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This chapter is from the book

SQL Sessions

A SQL session is an occurrence of a user interacting with a relational database through the use of SQL commands. When a user initially connects to the database, a session is established. Within the scope of a SQL session, valid SQL commands can be entered to query the database, manipulate data in the database, and define database structures, such as tables. A session may be invoked by either direct connection to the database or through a front-end application. In both cases, sessions are normally established by a user at a terminal or workstation that communicates through a network with the computer that hosts the database.


When a user connects to a database, the SQL session is initialized. The CONNECT command is used to establish a database connection. With the CONNECT command, you can either invoke a connection or change connections to the database. For example, if you are connected as USER1, you can use the CONNECT command to connect to the database as USER2. When this happens, the SQL session for USER1 is implicitly disconnected.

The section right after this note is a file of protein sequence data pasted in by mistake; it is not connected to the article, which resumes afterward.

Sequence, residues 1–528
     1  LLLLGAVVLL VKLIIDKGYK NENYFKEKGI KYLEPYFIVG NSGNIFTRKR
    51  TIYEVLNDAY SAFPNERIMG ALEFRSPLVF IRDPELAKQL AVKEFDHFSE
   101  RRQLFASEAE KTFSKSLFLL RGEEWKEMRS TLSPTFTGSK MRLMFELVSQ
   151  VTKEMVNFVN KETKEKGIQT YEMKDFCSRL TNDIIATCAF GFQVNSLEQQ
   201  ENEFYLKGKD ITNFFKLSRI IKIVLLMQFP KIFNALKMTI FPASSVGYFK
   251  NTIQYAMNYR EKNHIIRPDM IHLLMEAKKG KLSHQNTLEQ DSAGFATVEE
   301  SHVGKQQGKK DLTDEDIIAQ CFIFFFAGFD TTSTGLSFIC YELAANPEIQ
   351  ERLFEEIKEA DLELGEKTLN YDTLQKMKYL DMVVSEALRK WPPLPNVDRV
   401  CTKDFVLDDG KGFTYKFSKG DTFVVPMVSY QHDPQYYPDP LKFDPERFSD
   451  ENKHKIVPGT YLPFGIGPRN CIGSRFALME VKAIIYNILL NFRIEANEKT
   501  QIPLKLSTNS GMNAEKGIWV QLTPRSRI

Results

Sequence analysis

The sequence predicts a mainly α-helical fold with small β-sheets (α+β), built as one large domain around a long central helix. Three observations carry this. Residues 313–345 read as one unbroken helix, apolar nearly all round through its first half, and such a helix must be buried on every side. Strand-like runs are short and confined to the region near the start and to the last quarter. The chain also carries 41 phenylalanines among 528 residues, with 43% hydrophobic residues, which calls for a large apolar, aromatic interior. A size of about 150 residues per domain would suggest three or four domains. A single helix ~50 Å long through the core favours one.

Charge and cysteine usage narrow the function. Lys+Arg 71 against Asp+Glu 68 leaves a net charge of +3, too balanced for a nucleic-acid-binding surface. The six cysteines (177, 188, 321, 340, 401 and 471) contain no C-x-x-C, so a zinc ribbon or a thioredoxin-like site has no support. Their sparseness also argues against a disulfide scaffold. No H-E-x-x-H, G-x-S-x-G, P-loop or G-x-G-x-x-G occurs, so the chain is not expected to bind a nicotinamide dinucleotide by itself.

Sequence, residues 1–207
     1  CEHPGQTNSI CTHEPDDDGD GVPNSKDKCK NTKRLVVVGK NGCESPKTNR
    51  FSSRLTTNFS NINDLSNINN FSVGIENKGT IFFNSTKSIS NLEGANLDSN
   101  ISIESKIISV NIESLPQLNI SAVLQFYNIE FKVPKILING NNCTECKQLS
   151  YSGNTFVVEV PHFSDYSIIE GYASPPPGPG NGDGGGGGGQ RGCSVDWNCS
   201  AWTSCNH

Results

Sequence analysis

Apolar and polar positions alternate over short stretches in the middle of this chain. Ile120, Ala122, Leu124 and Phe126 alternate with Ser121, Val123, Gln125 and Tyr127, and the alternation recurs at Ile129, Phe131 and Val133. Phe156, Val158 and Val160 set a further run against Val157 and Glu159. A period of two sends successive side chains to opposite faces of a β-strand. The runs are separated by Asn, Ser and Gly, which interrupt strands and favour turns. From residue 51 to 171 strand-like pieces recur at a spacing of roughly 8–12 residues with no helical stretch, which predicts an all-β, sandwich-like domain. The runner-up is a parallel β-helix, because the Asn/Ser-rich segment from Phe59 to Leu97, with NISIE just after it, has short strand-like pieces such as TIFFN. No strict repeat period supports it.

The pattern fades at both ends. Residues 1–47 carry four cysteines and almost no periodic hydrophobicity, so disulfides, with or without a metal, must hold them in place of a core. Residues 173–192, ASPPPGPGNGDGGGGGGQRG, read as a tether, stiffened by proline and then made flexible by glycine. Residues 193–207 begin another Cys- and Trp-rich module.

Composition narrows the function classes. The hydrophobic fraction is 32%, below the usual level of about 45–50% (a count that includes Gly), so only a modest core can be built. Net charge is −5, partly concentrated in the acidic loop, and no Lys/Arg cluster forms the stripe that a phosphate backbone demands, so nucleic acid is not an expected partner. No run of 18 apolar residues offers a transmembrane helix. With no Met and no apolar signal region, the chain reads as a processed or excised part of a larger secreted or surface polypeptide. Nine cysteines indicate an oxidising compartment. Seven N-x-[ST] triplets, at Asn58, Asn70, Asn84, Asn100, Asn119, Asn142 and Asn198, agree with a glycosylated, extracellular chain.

CONNECT user@database

When you attempt to connect to a database, you are automatically prompted for a password that is associated with your current username. The username is used to authenticate yourself to the database, and the password is the key that allows entrance.


When a user disconnects from a database, the SQL session is terminated. The DISCONNECT command is used to disconnect a user from the database. When you disconnect from the database, the software you are using may still appear to be communicating with the database, but you have lost your connection. When you use EXIT to leave the database, your SQL session is terminated and the software that you are using to access the database is normally closed.

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